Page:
United States District Court, W.D. Washington, Seattle
MICHAEL A. JEFFRIES, Plaintiff,
NANCY A. BERRYHILL, Deputy Commissioner of Social Security for Operations, Defendant.
ORDER AFFIRMING THE COMMISSIONER'S FINAL DECISION
AND DISMISSING THE CASE WITH PREJUDICE
Honorable Richard A. Jones United States District Judge.
A. Jeffries seeks review of the denial of his application for
Supplemental Security Income and Disability Insurance
Benefits. Mr. Jeffries contends the ALJ erred in rejecting
medical opinions indicating standing, sitting and stooping
limitations, and in determining how his need to sit or stand
at will would affect the occupational base. Dkt.
As discussed below, the Court AFFIRMS the
Commissioner's final decision and
DISMISSES the case with prejudice.
Jeffries is currently 49 years old, has at least a high
school education, and has worked as a compliance director.
Tr. 28. On May 29, 2013, Mr. Jeffries applied for benefits,
alleging disability as of November 30, 2010. Tr. 17. His
applications were denied initially and on reconsideration.
Id. After the ALJ conducted a hearing on October 22,
2015, the ALJ issued a decision finding Mr. Jeffries not
disabled. Tr. 17-30.
the five-step disability evaluation process,  the ALJ found:
Step one: Mr. Jeffries has not worked since
the alleged onset date.
Step two: He has the following severe
impairments: degenerative disc disease, major depressive
disorder, general anxiety disorder.
Step three: These impairments do not meet or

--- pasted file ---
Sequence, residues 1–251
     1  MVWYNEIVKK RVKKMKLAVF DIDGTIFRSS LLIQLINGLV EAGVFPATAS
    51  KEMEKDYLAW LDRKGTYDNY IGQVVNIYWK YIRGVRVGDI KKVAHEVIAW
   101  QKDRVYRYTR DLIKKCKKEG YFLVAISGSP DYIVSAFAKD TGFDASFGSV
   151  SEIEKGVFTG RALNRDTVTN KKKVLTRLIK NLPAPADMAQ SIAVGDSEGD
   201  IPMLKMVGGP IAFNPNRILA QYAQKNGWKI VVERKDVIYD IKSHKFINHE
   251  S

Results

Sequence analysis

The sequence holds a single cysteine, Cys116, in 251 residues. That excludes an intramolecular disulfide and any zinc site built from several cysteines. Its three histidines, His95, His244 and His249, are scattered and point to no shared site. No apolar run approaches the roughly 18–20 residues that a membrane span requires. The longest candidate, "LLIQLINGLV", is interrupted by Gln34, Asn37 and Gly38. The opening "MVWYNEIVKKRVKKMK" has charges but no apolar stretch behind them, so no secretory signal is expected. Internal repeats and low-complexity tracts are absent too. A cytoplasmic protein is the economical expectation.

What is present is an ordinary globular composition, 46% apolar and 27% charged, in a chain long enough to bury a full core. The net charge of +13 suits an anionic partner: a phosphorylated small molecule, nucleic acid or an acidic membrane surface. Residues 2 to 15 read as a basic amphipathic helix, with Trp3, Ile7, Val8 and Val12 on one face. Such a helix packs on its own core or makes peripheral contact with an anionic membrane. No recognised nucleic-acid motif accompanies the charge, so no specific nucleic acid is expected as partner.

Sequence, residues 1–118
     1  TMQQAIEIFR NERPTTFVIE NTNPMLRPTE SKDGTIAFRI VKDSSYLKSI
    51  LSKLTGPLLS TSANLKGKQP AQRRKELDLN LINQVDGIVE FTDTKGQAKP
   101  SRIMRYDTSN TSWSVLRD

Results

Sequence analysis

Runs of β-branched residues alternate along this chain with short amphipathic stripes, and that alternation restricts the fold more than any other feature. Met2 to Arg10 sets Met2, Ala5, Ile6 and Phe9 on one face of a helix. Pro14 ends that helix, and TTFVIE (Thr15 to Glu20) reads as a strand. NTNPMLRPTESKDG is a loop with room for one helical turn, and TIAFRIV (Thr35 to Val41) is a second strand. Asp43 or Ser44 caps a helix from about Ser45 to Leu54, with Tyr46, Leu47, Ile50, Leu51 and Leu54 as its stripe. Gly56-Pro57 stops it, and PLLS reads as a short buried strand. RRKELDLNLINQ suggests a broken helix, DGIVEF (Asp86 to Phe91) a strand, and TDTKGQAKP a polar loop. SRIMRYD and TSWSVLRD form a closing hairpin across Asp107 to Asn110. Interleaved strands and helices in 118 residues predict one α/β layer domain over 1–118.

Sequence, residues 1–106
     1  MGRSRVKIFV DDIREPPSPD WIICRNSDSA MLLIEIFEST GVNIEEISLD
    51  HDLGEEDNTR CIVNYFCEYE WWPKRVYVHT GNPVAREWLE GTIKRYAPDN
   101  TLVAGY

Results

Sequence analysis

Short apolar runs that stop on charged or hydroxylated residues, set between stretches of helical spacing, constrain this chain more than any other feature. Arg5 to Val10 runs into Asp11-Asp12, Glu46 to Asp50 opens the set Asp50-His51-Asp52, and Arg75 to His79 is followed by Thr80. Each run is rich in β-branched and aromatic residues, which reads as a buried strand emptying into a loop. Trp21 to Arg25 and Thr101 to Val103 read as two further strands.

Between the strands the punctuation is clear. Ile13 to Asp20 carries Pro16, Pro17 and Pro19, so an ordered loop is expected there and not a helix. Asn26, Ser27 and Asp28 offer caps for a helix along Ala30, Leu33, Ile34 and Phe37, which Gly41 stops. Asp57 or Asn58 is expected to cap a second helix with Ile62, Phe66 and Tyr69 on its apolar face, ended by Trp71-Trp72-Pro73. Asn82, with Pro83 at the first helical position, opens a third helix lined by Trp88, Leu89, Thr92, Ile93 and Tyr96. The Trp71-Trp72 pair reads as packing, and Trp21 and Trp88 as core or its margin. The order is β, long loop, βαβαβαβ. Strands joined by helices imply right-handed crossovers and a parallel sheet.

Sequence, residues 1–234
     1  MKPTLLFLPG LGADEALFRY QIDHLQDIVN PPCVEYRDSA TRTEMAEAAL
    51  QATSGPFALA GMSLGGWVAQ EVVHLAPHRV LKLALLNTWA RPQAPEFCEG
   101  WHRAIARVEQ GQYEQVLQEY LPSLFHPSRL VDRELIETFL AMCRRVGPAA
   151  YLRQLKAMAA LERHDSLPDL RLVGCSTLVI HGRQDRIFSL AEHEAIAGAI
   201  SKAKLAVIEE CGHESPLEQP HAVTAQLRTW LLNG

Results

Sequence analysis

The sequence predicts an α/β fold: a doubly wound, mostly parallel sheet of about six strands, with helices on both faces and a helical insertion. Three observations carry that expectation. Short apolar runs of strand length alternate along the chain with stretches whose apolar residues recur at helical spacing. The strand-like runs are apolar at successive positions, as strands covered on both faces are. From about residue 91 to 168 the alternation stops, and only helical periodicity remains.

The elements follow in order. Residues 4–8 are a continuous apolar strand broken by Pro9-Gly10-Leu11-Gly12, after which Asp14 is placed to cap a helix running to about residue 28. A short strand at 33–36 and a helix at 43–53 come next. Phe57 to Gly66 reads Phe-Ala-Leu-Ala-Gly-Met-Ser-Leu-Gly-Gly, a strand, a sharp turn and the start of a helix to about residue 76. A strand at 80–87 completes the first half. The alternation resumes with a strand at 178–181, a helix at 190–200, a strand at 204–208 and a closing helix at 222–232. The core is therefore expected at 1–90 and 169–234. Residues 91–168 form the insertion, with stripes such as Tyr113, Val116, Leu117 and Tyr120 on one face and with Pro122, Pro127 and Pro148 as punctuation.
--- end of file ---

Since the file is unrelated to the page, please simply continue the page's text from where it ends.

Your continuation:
equal the requirements of a listed impairment.
Residual Functional Capacity: Mr. Jeffries
can stand six hours, sit six hours, and “needs a
sit/stand option at will meaning sitting no more than 30 to
45 minutes at one time.” Tr. 21. He can lift, carry,
push and pull 10 pounds occasionally and less than 10 pounds
frequently. He can occasionally climb ramps and stairs,
balance, stoop, kneel, crouch, and crawl. He should not climb
ladders, ropes or scaffolds, and should avoid concentrated
exposure to extreme conditions and hazards. He can perform
simple, routine tasks and more detailed or complex tasks at a
moderate pace. He should only have occasional brief,
superficial interactions with the general public and
coworkers. He can accept supervision and minimal changes to
the work setting.
Step four: Mr. Jeffries cannot perform past
Step five: As there are jobs that exist in
significant numbers in the national economy that he can
perform, Mr. Jeffries is not disabled.
Tr. 19-28. The Appeals Council denied plaintiff's request
for review, making the ALJ's decision the
Commissioner's final decision. Tr. 1.
February 2014, based on a diagnosis of a severe spine
disorder, nonexamining physician Robert Bernardez-Fu, M.D.,
opined that Mr. Jeffries' “low back”
impairments would limit him to standing and/or walking for a
total of two hours out of an 8-hour work day. Tr. 172,
“may reject the opinion of a non-examining physician by
reference to specific evidence in the medical record.”
Sousa v. Callahan, 143 F.3d 1240, 1244 (9th Cir.
1998) (citing Gomez v. Chater, 74 F.3d 967, 972 (9th
Cir. 1996)). All of the determinative findings by the ALJ
must be supported by substantial evidence. See Reddick v.
Chater, 157 F.3d 715, 720 (9th Cir. 1998).
“Substantial evidence” is more than a scintilla,
less than a preponderance, and is “‘such relevant
evidence as a reasonable mind might accept as adequate to
support a conclusion.'” Magallanes v.
Bowen, 881 F.2d 747, 750 (9th Cir. 1989) (quoting
Davis v. Heckler, 868 F.2d 323, 326 (9th Cir. 1989)).
While the Court is required to examine the record as a whole,
it may neither reweigh the evidence nor substitute its